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Post Crew Halts Work on Season 29 of "Survivor"
August 13, 2014
FOR IMMEDIATE RELEASE, AUGUST 13, 2014.
CONTACT: Rob Callahan National Organizer, IATSE Local 700 323.978.1078 email@example.com
Post-Production Crew Halts Work on Season 29 of CBS’s Survivor
Emmy-Nominated Editorial Team on Strike for IATSE Contract
Santa Monica, California – August 13, 2014 – The post-production crew of the long-running hit series Survivor have voted themselves off the job at Mark Burnett’s Island Post Productions, Inc., vowing that no editorial work would resume on the series until the company agrees to a union contract.
At the time of the work stoppage, post-production work was underway on the 90-minute premiere of Season 29 of the series, which has been scheduled to air on September 24.
Today’s action comes a day after the Emmy-nominated team officially notified their employer of their intent to obtain a union contract with health and retirement benefits.
“This show has no hidden immunity idol,” said A.J. Catoline, a reality television editor and member of the Motion Picture Editors Guild Board of Directors. “It needs to bring its employment practices in line with the industry standards observed by other such shows, including CBS’s Big Brother and Mark Burnett’s The Voice. Its post crew deserves the benefits and security of a union contract.”
For each episode in the series, Survivor’s post-production crew has the responsibility for distilling approximately 250 hours of raw footage down to one hour of on-screen entertainment. Over the years their work has netted a total of 16 Emmy nominations in the category of Outstanding Picture Editing for a Reality Series, including a nomination for the 2014 Creative Arts Emmy Awards taking place this Saturday.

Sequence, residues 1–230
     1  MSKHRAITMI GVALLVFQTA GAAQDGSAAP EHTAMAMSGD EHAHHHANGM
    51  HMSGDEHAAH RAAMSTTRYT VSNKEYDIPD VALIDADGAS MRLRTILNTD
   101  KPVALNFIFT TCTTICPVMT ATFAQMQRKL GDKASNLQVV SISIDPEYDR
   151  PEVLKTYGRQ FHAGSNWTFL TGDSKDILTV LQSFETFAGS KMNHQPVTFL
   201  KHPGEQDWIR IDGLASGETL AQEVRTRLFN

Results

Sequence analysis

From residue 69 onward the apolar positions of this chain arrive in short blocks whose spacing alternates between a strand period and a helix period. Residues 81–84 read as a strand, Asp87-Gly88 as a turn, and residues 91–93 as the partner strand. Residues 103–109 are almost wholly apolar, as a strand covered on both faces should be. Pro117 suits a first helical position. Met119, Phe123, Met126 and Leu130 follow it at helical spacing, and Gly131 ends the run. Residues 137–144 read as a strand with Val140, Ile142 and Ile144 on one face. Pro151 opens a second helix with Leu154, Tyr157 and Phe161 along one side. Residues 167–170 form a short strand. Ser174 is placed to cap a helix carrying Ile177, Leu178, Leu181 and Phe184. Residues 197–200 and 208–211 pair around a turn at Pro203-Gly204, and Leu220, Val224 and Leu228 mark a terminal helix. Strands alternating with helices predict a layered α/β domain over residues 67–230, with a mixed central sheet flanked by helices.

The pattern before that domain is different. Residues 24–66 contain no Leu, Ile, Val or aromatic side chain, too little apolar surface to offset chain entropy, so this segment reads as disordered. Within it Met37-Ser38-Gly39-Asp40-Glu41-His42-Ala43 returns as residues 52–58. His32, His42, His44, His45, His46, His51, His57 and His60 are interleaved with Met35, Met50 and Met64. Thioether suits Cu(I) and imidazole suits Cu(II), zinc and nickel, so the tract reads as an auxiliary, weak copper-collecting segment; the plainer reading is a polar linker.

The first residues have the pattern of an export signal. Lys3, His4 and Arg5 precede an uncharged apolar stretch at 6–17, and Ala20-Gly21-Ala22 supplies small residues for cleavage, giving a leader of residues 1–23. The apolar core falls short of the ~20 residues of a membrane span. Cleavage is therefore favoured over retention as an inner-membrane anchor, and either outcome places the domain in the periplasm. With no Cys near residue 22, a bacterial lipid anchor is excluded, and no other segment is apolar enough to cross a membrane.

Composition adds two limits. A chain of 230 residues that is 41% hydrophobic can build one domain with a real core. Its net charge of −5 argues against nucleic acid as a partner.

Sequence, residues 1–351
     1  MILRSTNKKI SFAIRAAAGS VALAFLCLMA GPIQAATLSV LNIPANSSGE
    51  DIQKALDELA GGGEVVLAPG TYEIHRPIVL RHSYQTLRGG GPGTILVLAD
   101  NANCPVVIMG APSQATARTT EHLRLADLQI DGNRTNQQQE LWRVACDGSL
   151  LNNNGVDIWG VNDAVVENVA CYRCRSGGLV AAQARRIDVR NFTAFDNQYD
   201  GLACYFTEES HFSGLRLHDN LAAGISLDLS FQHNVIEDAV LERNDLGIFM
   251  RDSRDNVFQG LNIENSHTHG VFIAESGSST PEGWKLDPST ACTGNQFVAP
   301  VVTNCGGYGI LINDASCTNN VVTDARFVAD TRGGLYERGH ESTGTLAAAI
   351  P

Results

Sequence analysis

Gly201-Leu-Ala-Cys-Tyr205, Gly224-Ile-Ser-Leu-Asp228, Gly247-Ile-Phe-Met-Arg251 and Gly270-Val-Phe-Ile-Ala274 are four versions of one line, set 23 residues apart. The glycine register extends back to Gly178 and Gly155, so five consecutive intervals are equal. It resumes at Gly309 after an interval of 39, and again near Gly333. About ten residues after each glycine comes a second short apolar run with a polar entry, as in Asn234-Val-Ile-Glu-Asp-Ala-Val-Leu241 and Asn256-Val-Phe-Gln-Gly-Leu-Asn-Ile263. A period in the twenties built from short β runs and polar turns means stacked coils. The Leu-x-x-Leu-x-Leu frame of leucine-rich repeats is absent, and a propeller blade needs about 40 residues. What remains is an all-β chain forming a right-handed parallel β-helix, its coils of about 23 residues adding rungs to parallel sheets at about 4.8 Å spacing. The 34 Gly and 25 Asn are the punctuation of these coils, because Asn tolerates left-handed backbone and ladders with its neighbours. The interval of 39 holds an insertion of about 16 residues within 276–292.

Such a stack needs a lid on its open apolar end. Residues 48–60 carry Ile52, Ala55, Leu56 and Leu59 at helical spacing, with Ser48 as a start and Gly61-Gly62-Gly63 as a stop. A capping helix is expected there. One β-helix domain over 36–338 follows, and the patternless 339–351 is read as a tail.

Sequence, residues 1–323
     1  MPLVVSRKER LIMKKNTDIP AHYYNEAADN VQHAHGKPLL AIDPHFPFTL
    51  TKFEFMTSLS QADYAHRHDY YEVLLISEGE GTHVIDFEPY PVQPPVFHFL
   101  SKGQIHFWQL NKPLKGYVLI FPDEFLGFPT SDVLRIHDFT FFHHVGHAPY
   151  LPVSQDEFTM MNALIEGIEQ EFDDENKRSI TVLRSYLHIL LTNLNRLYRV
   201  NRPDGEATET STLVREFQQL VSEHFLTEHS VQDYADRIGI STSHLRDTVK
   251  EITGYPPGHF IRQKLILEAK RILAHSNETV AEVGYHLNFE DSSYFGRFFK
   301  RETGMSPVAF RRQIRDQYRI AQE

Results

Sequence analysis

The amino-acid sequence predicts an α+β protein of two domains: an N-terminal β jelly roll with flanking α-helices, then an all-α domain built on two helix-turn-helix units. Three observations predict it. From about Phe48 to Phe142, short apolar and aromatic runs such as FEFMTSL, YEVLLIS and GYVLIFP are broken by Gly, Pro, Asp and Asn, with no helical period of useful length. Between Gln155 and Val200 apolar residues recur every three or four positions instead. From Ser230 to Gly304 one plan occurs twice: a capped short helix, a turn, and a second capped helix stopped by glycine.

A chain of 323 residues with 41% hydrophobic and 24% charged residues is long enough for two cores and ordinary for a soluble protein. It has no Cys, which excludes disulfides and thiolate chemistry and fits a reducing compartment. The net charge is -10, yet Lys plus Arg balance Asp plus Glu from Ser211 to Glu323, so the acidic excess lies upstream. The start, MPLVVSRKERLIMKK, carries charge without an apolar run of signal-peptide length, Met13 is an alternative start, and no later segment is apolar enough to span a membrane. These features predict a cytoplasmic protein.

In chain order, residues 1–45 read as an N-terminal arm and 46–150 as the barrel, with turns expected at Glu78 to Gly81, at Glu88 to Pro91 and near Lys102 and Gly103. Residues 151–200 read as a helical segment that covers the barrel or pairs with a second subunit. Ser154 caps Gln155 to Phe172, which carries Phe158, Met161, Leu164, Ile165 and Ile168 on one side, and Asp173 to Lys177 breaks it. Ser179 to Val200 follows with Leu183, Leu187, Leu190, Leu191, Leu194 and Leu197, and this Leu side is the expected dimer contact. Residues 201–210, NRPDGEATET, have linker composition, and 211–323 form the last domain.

“This wildly successful program has helped to define the genre of reality television, and editors play a critical role in shaping the show” said Editors Guild (IATSE Local 700) President Alan Heim, A.C.E. “They seek the same health benefits, pensions, and basic protections that their counterparts elsewhere in the industry have long enjoyed. After 28 successful seasons and 16 Emmy nominations, that doesn’t seem too much to ask.”
The Motion Picture Editors Guild is Local 700 of the International Alliance of Theatrical Stage Employees (IATSE). Established in 1937, the Guild now represents more than 7,300 postproduction professionals working nationwide in television, features, and new media.
In recent years, the IATSE and the Editors Guild have had repeated success winning union contracts for crews working in unscripted television. The crew of Naked and Afraid, another show nominated this year for an Emmy in the category of Outstanding Picture Editing for Reality Programming, won an IATSE contract after a six-day work stoppage of the editorial crew last November.